A new study, Terminology for the European Union. The Irish Experience: The GA IATE Project, compiled by Fiontar, DCU and published by Cló Iar-Chonnacht, is now available to the public. This bi-lingual (Irish and English) publication offers a comprehensive overview of the work of terminology accomplished through the GA IATE Project.
This initiative was established in 2007 by the Irish government, in collaboration with Fiontar, the Department of Arts, Heritage and Gaeltacht and the European Institutions, following the accession of Irish as an official EU language.
Although the nation established Irish as its first and English as its second official language in the 1937 Constitution, the latter was adopted for practical reasons as the official language by the European Communities when Ireland joined them in 1973.
Ireland has since then been fighting for the official use of its language as when the country voted in 2001 a law ensuring that the Acts of Oireachtas (primary legislation) are available both in English and Irish. The 2004 Irish Presidency of the Council of the European Union was also the occasion to promote the campaign for the insertion of Irish as an official language of the European Union. The status finally came into effect in 2007.
As the study shows “the GA IATE project has been a success in its basic aim of providing timely and reliable Irish terminology to translators and in increasing the store of Irish-language overall in the database. As a tool for the Irish translation staff, IATE with its current stock of Irish terms is clearly a tool much enhanced from its value before this project commenced”.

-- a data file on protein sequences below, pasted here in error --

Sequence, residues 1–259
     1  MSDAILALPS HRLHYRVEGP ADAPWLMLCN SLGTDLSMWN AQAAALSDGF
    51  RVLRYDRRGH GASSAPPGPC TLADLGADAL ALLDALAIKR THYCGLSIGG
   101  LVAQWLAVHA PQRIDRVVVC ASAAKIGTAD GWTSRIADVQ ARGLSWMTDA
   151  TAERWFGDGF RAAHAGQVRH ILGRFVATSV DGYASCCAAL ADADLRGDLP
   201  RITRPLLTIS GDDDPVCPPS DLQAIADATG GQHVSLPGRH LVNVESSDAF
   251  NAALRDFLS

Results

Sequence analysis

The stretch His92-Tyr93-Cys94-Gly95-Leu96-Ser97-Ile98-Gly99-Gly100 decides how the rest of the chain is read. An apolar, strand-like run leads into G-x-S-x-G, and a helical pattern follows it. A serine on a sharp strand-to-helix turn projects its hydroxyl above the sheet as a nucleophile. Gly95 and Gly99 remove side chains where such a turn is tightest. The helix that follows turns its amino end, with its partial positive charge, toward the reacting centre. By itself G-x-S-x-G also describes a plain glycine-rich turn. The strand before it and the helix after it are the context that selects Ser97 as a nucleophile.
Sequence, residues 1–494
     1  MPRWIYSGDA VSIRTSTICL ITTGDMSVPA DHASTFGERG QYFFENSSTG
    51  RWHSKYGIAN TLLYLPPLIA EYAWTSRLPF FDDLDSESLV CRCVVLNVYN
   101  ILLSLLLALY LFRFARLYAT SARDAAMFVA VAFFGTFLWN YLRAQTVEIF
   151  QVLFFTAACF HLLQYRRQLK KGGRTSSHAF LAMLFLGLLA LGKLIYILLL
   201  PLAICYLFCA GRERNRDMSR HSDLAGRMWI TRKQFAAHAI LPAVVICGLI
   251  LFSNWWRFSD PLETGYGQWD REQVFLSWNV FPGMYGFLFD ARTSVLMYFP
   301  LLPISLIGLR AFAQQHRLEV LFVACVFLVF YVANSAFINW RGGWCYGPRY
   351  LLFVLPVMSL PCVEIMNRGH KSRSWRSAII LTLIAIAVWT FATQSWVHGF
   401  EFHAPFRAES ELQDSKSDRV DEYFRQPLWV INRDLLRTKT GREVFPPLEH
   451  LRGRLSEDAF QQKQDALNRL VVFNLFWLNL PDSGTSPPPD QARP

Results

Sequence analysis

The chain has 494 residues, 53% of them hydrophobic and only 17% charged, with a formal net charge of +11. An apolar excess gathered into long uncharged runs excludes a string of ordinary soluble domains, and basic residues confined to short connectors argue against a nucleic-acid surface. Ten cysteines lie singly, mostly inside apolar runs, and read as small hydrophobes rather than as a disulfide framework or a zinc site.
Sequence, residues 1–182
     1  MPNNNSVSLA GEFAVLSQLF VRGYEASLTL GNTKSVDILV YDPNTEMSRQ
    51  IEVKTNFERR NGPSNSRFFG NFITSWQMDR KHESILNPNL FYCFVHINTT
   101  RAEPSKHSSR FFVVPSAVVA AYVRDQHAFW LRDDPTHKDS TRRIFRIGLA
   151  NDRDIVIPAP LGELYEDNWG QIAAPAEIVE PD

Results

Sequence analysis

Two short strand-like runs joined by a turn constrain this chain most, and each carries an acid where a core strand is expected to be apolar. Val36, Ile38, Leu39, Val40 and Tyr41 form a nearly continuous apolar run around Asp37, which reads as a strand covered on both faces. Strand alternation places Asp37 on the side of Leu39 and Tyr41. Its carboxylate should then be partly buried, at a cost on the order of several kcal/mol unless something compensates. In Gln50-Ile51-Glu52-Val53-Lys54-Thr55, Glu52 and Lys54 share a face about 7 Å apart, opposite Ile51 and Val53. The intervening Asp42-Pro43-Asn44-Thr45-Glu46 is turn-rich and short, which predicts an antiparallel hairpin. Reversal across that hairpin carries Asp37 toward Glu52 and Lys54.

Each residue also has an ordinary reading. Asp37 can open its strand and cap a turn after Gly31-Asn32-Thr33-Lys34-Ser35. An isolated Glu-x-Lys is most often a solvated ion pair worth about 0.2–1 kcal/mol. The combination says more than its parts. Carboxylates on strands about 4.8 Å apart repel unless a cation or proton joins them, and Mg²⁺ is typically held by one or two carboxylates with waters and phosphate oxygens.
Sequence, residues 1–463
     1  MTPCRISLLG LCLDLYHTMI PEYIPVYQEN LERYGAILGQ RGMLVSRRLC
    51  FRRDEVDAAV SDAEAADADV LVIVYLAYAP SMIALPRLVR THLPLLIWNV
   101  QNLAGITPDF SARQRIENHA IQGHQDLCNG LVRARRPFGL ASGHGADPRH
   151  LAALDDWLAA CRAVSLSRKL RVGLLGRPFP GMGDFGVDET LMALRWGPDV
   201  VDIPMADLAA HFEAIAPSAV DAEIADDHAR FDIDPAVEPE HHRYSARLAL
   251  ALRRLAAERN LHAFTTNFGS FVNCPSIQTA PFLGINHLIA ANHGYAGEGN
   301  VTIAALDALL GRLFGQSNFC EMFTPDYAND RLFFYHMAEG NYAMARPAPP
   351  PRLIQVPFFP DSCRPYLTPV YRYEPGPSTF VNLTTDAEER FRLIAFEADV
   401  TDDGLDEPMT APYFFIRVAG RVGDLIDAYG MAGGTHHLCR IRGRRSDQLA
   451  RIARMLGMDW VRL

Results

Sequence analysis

Indeed, since the start of the project in 2008, about 55,000 terminological entries have been processed and returned to IATE, expanding significantly the domain base of Irish-language terminology, particularly in finance and data protection. Moreover, according to the study, Irish has now the second largest number of terms in IATE compared to the other new EU languages (languages that became official after 2004).
Terminology for the European Union. The Irish Experience: The GA IATE Project also presents a complete overview of the history of IATE, the multilingual, interinstitutional terminology database of the EU, and its future developments. The terminology work in the new languages in the three European Institutions (European Parliament, Commission and Council), as well as their collaboration, have also been covered.
The publication is available to purchase on the Cló Iar-Chonnacht website and selected bookshops.
Article written by Floriane Loup, trainee at TermCoord